Don’t miss this point.  Even though we may call ourselves something different, churches are organizations.  On average they spend 70% of their earnings on salaries and buildings.  Certainly there are always programs for people that want healing.  The funds are limited and most leaders in church organizations are trained to preach, manage the organization, recruit new members and keep people happy.  It is only the rare pastor that is properly trained to counsel people with deep trauma and most don’t have the time.

So just like what happens at my job, hurt people hurt other people and the problem gets worse.  Before churches add on the coffee shop to attract new members that will surely have trauma upon arrival, they should staff up with counselors and not theologians.  A church that truly heals wouldn’t have to explain much from the pulpit.

I know that two people can help each other heal (especially through processes like focusing), but mainly where I see that working is outside the walls of the church.  I was a pastor for 20 years.  I saw a lot of trauma but was able to do very little about it within the framework of the church.  People were engaged in that system that did not facilitate healing–it only proliferated the system.

It doesn’t allow for open theology

Generally, there is a primary teacher within the organization of the church.  All the leaders, board members, etc. have all signed off on the belief statement of that organization.  When the teacher teaches, he/she generally does not leave room for question or discussion.  It is a very authoritative type of posture.  It insinuates, “This is what you need to know and apply to your life.”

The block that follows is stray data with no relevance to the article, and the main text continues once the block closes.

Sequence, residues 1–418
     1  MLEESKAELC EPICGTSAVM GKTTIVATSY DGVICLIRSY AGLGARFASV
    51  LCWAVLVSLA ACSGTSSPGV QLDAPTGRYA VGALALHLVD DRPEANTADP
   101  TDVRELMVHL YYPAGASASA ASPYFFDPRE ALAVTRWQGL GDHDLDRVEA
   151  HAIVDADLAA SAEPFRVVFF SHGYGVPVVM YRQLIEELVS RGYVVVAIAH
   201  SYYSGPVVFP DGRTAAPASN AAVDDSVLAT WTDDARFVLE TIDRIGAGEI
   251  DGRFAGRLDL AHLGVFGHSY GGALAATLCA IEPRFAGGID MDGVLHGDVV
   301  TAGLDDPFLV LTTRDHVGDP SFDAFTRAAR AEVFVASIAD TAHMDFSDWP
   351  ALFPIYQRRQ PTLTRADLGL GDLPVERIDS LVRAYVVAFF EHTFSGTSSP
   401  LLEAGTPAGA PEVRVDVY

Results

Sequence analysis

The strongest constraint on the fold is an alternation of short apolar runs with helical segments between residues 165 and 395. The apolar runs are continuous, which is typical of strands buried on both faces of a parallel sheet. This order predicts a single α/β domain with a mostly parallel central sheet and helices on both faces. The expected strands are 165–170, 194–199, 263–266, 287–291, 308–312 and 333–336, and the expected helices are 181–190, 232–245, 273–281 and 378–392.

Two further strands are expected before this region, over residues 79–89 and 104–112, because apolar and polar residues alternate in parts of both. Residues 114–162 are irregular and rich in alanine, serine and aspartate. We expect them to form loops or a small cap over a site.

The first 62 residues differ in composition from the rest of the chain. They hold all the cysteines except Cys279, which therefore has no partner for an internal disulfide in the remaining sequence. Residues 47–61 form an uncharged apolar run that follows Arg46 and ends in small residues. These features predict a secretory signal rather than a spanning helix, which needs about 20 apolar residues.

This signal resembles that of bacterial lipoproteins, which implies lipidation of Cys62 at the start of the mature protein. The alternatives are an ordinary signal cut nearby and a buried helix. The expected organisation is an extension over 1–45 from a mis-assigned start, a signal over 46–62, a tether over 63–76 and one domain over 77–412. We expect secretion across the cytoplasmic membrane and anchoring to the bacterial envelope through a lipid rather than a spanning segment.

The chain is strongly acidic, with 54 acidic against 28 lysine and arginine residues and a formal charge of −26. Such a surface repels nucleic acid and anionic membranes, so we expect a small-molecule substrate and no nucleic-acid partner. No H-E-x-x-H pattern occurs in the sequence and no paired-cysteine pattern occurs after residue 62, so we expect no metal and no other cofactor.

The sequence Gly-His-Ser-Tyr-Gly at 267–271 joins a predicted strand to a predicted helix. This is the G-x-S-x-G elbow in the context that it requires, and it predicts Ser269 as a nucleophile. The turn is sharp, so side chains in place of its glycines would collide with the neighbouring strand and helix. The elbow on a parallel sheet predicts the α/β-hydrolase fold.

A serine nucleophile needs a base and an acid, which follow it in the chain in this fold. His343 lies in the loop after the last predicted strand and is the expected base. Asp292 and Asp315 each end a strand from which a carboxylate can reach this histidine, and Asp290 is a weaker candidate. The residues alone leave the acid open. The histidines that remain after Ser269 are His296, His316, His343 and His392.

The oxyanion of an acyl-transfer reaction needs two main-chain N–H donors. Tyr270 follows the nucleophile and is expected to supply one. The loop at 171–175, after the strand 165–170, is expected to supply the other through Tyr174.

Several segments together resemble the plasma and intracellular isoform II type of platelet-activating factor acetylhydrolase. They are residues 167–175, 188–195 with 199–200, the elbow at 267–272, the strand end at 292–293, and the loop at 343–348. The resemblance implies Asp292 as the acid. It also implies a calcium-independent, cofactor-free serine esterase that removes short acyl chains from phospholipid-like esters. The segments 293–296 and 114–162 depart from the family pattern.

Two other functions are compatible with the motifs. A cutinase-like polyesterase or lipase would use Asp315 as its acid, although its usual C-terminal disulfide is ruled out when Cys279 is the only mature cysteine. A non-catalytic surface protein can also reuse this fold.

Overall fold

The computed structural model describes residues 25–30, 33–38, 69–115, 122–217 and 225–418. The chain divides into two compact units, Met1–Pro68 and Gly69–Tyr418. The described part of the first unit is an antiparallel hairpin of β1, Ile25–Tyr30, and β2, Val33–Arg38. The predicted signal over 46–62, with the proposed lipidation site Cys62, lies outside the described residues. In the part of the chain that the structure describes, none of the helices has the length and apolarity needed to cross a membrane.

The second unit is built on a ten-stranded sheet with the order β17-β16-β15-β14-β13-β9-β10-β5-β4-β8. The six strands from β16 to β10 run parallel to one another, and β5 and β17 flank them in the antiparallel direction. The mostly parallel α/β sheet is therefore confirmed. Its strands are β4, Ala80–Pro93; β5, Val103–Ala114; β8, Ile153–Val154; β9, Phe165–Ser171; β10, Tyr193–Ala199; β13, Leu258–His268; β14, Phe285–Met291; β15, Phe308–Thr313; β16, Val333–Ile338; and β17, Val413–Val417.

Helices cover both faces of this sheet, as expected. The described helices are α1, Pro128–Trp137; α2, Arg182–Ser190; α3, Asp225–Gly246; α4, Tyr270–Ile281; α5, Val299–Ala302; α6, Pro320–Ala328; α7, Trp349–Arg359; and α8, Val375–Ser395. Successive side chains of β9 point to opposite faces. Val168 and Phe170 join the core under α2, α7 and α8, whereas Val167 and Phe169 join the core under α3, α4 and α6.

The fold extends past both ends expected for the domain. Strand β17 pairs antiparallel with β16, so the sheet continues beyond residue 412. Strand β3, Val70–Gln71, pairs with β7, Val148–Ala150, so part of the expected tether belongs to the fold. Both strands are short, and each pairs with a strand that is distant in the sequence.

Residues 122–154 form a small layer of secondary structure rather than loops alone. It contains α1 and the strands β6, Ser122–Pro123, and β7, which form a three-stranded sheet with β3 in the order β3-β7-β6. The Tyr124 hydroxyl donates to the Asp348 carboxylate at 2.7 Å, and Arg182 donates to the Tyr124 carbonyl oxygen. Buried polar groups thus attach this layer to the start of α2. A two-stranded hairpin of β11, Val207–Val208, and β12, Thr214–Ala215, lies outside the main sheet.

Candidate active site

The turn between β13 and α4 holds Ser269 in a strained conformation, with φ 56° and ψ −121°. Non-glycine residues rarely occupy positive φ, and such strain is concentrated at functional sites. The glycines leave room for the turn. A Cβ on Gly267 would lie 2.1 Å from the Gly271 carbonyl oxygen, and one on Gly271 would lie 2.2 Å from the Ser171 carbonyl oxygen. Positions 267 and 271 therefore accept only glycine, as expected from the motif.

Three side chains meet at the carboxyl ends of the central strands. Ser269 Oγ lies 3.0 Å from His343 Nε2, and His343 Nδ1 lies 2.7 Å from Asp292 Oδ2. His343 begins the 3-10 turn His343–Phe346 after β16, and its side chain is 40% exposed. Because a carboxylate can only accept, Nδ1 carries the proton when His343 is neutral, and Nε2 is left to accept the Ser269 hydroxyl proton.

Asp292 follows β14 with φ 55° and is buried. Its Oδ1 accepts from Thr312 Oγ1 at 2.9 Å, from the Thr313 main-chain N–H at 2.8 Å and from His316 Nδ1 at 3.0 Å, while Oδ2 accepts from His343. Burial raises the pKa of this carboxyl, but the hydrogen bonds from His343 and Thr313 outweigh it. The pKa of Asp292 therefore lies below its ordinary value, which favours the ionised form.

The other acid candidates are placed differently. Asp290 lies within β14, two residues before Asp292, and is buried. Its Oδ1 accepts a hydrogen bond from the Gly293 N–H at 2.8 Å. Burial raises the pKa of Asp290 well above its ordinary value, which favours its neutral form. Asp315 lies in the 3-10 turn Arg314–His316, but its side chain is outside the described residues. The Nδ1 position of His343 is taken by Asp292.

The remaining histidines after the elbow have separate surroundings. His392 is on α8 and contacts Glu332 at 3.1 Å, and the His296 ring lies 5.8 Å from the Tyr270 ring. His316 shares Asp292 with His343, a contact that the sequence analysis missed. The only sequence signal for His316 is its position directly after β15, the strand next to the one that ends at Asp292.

Questions and beliefs outside the creedal decisions of the church are not encouraged.  Congregants tend to shut down intellectually and listen for solutions to their problems or challenges.  Having beliefs outside of the organization’s framework is sometimes permitted, but not openly allowed to be processed (especially not in the main service).

It’s a controlling mechanism and only adds to the trauma a person feels.  When I feel like my beliefs are “different,” but they won’t go away, it only adds to my feelings of helplessness.  When the message doesn’t address my trauma or help heal from it, and there are no other options available, all I can do is languish and feel worse.

What I did for 20 years, in the church, was to stuff all of those feelings and that trauma down, until once day it got the better of me and I left the ministry.  Because of the trauma I endured and the lack of help I found in the church, I don’t know if I’ll ever go back.

If your answer to all of this is, “Well, my church is better.”  First of all, is it really that much better?  Take a good step back and take some time off from church and see if it was really helping you heal your wounds?  Is it really helping you resolve your trauma or is it just covering it up?   Second, seek out some good counseling (I would suggest a Jungian analyst or a really good spiritual director that knows focusing) and ask yourself whether you were receiving that healing within the church.  Maybe you can do that within the church — maybe you need to take some time off.

Someone encouraged us to take a year off.  They challenged us, if we couldn’t take a year off, to ask ourselves why?  If it really is the place where we are supposed to be, we will realize it.  Once we stopped attending church, we started to heal quickly.  We spent Sundays on the porch and in our living room doing all kinds of helpful and healing activities.  We gained back several hours of our week to do things like focusing sessions and have deep healing conversations.  I don’t know if we will ever go back to organized religion, but I’m spiritually much more mature and have healed from much of the past trauma.

A few good things did come from going to church all those years, but most of it can be replicated elsewhere without all the fuss and bother of going to a building to support an organization.  Hopefully, Laura and I will publish our book next year about this, but until then, I wish you well!

Be where you are, be who you are,

Karl Forehand